June 18, 2019

First Code Trauma Simulation

Recently, the first ‘In-Situ Simulation’ was held in the Emergency Department as part of a Code Trauma Scenario.

Code Trauma is an activation sequence that provides a staff and service response to a potentially major trauma patient in the Emergency Department, that meets the Code Trauma criteria including abnormal vital signs, specific injuries and/or special circumstances.

Simulation is part of a hospital-wide initiative run by the newly formed In-Situ Simulation Clinical Community alongside support from the High Reliability Organisation (HRO) Team at Northern Health. Simulation has been acknowledged as an important part of training in healthcare, with Northern Health having a dedicated simulation centre at the Northern Centre for Health Education and Research.

How In-Situ Simulation differs to regular simulation, is that it occurs in patient care units with scenarios involving healthcare professionals in their actual working environment. It is a tool that allows hospitals to target areas of known risk before they affect a patient, test systems to identify areas of needed system improvement and encourages translation of previous quality recommendations into practice and re-assessment.

The scenario involved a patient (simulation manikin) presenting with a closed head injury and closed left femoral fracture. The quality objectives of the scenario were to examine the response to Code Trauma and any barriers to implementation, as well as the process and barriers for early CT imaging of a trauma patient.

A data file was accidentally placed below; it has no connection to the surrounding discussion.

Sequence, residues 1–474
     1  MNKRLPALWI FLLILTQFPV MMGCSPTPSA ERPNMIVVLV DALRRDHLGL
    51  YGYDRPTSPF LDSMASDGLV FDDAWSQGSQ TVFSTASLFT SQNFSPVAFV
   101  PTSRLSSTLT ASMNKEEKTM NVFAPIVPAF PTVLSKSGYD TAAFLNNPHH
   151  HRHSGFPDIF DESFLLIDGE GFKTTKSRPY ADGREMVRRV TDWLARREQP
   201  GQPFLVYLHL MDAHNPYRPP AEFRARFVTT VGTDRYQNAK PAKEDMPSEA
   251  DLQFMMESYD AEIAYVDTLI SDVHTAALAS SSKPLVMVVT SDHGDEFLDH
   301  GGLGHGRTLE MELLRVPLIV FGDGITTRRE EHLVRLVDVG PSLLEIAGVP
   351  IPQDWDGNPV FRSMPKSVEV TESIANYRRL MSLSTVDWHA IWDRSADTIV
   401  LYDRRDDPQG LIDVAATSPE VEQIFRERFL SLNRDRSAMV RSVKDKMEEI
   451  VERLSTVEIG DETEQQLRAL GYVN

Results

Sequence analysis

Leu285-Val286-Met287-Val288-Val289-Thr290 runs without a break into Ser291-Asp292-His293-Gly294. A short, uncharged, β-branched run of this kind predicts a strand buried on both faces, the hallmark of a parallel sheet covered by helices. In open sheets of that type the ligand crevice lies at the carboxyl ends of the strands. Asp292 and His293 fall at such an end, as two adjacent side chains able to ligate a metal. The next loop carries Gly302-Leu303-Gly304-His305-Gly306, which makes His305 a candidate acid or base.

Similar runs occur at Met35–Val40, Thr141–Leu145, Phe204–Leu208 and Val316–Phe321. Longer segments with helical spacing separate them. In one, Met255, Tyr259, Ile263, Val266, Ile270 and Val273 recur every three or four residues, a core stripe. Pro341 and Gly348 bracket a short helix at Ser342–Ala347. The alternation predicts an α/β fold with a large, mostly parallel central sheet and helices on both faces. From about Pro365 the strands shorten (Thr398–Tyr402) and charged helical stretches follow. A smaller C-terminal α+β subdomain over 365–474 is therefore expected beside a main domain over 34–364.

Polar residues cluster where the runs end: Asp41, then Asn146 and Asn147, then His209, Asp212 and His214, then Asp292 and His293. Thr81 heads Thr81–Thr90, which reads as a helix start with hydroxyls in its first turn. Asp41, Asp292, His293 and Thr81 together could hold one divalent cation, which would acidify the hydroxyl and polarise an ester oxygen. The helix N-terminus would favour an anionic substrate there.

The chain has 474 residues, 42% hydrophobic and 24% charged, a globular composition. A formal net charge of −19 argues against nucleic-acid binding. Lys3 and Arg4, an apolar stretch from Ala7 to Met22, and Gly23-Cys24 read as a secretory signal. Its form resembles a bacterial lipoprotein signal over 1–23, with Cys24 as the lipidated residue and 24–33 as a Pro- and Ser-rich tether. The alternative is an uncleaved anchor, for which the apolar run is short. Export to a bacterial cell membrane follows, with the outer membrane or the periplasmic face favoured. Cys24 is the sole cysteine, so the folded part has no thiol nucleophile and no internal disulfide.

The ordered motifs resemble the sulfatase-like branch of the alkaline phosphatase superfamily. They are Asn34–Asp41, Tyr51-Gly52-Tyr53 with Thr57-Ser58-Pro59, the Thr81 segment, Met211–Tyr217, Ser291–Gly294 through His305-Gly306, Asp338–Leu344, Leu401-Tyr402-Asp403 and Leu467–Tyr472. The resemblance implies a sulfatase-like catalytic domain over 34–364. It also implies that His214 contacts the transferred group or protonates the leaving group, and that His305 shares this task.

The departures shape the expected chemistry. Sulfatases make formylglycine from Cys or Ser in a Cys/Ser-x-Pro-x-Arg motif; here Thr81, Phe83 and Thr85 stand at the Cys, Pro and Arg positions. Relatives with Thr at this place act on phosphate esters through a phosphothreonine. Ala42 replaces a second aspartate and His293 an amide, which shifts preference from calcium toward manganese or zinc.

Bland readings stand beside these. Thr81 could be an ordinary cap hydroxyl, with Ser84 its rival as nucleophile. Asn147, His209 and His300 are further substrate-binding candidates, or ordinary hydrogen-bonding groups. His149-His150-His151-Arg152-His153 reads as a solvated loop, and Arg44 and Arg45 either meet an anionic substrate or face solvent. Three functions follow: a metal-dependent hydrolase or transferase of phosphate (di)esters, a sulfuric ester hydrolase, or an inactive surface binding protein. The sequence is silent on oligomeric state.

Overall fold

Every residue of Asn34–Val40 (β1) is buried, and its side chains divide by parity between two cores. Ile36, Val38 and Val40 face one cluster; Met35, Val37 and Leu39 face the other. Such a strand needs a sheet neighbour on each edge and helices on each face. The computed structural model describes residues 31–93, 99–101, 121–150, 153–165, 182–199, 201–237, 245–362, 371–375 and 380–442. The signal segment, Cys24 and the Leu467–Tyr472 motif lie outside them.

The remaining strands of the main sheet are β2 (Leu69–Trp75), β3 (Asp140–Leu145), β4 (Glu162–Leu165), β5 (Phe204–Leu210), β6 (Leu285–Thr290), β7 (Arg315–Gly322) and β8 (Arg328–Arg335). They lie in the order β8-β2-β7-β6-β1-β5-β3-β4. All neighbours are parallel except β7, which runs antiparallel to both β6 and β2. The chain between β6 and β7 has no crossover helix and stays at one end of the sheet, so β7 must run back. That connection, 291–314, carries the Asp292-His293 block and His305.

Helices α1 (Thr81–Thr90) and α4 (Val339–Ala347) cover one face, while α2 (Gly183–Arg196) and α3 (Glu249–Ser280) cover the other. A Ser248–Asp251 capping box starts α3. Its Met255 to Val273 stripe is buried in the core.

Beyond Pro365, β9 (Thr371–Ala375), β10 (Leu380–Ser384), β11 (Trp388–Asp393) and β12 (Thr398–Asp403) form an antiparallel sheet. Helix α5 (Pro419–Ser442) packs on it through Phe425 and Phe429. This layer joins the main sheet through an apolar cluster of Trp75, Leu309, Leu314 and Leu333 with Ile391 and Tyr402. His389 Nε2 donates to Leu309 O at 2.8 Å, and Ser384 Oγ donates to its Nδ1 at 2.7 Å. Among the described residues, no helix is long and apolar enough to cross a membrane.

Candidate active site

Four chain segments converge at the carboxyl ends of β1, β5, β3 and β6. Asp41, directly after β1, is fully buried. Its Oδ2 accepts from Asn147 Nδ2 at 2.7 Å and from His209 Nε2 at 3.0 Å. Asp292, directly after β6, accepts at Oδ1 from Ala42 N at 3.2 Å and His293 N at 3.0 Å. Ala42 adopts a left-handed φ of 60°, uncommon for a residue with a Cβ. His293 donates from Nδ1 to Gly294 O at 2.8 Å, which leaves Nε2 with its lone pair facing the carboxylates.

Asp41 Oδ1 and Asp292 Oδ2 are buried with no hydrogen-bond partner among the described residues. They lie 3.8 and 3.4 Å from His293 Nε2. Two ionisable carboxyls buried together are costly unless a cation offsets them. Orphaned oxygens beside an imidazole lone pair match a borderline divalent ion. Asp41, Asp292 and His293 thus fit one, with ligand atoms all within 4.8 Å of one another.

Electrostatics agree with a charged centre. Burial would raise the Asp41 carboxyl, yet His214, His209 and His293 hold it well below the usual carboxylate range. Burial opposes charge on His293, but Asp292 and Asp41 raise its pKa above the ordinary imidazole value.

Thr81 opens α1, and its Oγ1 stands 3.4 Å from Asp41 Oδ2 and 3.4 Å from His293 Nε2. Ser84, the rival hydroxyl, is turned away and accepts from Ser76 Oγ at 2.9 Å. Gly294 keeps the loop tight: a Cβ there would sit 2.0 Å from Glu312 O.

Dr Nancy Sadka, Emergency Physician and lead for In-Situ Simulation at Northern Health says, “If you tried to set up simulation in the simulation lab, people will do things differently to what they would normally do in their workplace. The best way to test the system is in that same environment.”

“Many times, we have areas of risk that we have already identified. These areas of risk have had analysis and recommendations, but if we don’t test to see if those recommendations are being translated into practice, then we don’t know if we’ve had any impact and if anything will change in the future,” Dr Sadka continues.

The simulation was attended by staff from multidisciplinary areas and will help to improve system quality through education and ensure our systems support the right clinical decision-making for the patient.

“We’ve done this first simulation now, we’ve made a simulation team from multidisciplinary areas, with the view to develop this program, aiming now for two monthly, then monthly, and then the sky is the limit!” Dr Sadka says.

“We would like to be doing this weekly if we could because we really feel it will make a difference to the quality of our patient care as well as improve our processes.”